Pilgrim closes and Crystal River looks to speedy decommissioningDavid Wagman | June 03, 2019
Duke Energy said it plans to decommission its retired Crystal River Nuclear Plant in Florida by 2027, nearly 50 years sooner than originally scheduled.
The accelerated decommissioning plan is subject to approval by the U.S. Nuclear Regulatory Commission and the Florida Public Service Commission. The process will take about a year to complete. If approved, decommissioning work would begin in 2020 and end in 2027.
Duke Energy previously announced its decision to retire the plant in February 2013, and to decommission it by 2074.
To perform the work, Duke Energy has contracted with Accelerated Decommissioning Partners, a joint venture between NorthStar Group Services and Orano USA.
So long, Pilgrim
In a separate development, control room operators at Entergy’s Pilgrim Nuclear Power Station in Massachusetts shut down its reactor for the final time on May 30. The company said its decision to shut down Pilgrim was the result of a number of financial factors, including low wholesale energy prices.
Pilgrim Nuclear employs about 600 people and had a generating capacity of 680 megawatts. It entered service in 1972. Entergy purchased the plant in 1999 from Boston Edison.
In August 2018, Entergy proposed selling the business unit that owns Pilgrim to a Holtec International subsidiary, a decommissioning company that plans to complete decommissioning at the site decades sooner than if Entergy continued to own the plant. Regulatory approval and closing of the transfer are targeted for 2019.
Entergy’s remaining operating nuclear power plants in merchant power markets - Indian Point Unit 2 and Unit 3, in New York, and Palisades Power Plant, in Michigan, are scheduled to be shut down in 2020, 2021, and 2022, respectively. These closures, along with the sale of these plants to decommissioning specialty companies, mark the end of Entergy’s participation in merchant power markets and its return to a pure-play utility.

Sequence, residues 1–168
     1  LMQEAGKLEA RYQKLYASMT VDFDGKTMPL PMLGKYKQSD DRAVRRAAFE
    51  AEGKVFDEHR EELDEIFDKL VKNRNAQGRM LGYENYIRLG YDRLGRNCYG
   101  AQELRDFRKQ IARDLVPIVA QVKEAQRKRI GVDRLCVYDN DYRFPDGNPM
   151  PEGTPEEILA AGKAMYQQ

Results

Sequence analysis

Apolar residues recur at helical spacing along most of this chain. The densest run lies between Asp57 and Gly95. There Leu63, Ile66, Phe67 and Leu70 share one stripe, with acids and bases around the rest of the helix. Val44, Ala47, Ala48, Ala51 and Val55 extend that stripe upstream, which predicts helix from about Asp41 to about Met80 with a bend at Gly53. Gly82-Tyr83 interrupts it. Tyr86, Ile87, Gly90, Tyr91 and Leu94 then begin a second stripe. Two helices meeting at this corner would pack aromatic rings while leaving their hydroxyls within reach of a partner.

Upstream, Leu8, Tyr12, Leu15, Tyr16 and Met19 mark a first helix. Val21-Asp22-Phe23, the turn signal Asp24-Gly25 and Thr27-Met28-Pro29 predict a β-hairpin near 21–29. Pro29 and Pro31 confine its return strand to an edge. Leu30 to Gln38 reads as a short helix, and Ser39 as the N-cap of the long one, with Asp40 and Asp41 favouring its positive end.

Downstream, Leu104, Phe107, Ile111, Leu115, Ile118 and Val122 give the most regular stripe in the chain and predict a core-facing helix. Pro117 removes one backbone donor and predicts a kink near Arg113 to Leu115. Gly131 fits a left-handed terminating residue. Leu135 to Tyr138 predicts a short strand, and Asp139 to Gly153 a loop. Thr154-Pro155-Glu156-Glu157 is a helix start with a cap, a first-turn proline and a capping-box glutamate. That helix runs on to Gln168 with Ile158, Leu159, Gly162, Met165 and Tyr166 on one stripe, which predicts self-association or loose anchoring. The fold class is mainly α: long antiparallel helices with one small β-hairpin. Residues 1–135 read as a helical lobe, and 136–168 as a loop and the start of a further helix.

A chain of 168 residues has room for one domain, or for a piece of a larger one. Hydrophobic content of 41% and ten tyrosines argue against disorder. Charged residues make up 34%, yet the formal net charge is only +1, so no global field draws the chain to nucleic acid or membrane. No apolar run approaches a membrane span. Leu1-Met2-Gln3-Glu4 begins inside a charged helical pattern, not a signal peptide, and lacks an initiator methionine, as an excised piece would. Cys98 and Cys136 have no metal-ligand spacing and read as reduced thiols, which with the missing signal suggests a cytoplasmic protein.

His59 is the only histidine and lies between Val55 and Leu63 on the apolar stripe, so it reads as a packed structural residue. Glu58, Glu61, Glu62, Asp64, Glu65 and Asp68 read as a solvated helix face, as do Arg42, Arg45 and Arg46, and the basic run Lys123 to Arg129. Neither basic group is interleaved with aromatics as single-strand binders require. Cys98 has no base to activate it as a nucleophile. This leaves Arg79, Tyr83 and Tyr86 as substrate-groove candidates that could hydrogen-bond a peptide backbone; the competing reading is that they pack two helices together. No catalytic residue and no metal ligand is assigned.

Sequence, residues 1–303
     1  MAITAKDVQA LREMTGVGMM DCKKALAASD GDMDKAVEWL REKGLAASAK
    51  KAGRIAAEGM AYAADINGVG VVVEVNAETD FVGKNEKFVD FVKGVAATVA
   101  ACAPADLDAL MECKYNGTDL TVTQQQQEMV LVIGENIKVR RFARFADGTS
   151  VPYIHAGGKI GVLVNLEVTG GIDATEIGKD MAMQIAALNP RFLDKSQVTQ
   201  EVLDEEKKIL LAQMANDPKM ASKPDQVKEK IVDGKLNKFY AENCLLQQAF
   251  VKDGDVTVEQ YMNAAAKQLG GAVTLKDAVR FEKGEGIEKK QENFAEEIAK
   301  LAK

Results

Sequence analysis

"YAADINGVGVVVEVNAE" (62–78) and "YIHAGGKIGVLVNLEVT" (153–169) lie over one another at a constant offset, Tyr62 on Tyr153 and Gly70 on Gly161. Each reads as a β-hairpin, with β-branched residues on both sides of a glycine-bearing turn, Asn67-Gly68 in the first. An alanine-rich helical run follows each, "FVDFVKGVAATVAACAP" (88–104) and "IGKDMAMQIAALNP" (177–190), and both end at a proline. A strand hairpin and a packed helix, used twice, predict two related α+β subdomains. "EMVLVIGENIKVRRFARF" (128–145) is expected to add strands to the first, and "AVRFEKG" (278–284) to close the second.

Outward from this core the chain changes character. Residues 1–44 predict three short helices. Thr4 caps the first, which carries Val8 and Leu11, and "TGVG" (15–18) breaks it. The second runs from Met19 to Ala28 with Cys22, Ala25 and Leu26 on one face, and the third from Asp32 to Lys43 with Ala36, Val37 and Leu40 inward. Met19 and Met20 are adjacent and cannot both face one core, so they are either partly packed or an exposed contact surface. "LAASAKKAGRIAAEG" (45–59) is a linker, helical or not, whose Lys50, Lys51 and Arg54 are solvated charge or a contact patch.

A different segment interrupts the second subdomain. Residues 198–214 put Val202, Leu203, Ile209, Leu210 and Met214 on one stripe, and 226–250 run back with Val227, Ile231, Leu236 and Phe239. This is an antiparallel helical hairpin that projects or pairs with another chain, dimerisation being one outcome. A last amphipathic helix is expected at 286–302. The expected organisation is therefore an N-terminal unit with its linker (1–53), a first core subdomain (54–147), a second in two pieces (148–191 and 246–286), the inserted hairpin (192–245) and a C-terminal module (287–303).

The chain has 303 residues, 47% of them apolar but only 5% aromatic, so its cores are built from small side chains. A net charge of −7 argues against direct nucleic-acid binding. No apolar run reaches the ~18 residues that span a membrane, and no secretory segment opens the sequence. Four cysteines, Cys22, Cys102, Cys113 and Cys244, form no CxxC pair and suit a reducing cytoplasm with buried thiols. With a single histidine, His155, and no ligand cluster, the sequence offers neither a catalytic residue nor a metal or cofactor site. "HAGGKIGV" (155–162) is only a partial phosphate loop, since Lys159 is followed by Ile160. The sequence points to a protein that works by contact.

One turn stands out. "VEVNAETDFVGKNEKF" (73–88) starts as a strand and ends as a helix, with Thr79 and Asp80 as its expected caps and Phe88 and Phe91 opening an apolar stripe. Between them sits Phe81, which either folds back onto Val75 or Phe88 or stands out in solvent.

The Crystal River reactor went offline in September 2009 for refueling, once through steam generator replacement and 20% power up-rate outage. In preparing the containment building to replace the two steam generators, tendons in the containment building wall were detensioned. Workers discovered a large gap in the concrete of the containment building wall. The main cause of the delamination was attributed to the scope and sequence of the tendon detensioning.
After analyzing options, Duke Energy announced in February 2013 that the Crystal River Nuclear Plant would be permanently shut down. Duke Energy said it is now pursuing accelerated decommissioning at Crystal River for two reasons.
First, it said that the trust fund that pays for the decommissioning is currently sufficient to accelerate the plant’s decommissioning without increasing customer bills. The trust fund had about $717 million as of March 31, 2019.
Second, Duke Energy has completed the initial phase of decommissioning, placing the plant in a condition to attract bidders to complete the work. This progress, coupled with increased competition in the industry, has lowered decommissioning costs, the utility said, making the accelerated model financially feasible.
If regulators approve the transaction, Duke Energy will remain the Nuclear Regulatory Commission-licensed owner of the nuclear plant, property and equipment and retain ownership and control of the trust fund that pays for the decommissioning.
In turn, Accelerated Decommissioning Partners will become the Nuclear Regulatory Commission-licensed operator responsible for decommissioning the plant in compliance with state and federal regulations. Accelerated Decommissioning Partners will also own the dry cask storage system assets, including the used nuclear fuel assemblies, and operate and maintain the on-site dry cask storage facility.
A dry cask storage facility is self-contained and stores used nuclear fuel assemblies in steel canisters housed in large concrete structures without power supplies, cooling water, pumps or motors. The system is licensed by the Nuclear Regulatory Commission.
Crystal River Energy Complex
The nuclear plant is located at Duke Energy’s 5,100-acre Crystal River Energy Complex on Florida’s Gulf Coast about 85 miles north of Tampa. The complex is home to the new Citrus Combined Cycle Station, two operating coal-fired units and two retired coal-fired units.
In a separate agreement, Duke Energy hired NorthStar Group Services, joint owner of Accelerated Decommissioning Partners, to dismantle the coal-fired units, which formally retired Dec. 31, 2018.
Dismantling the coal-fired units is expected to start in 2019 and finish in 2023.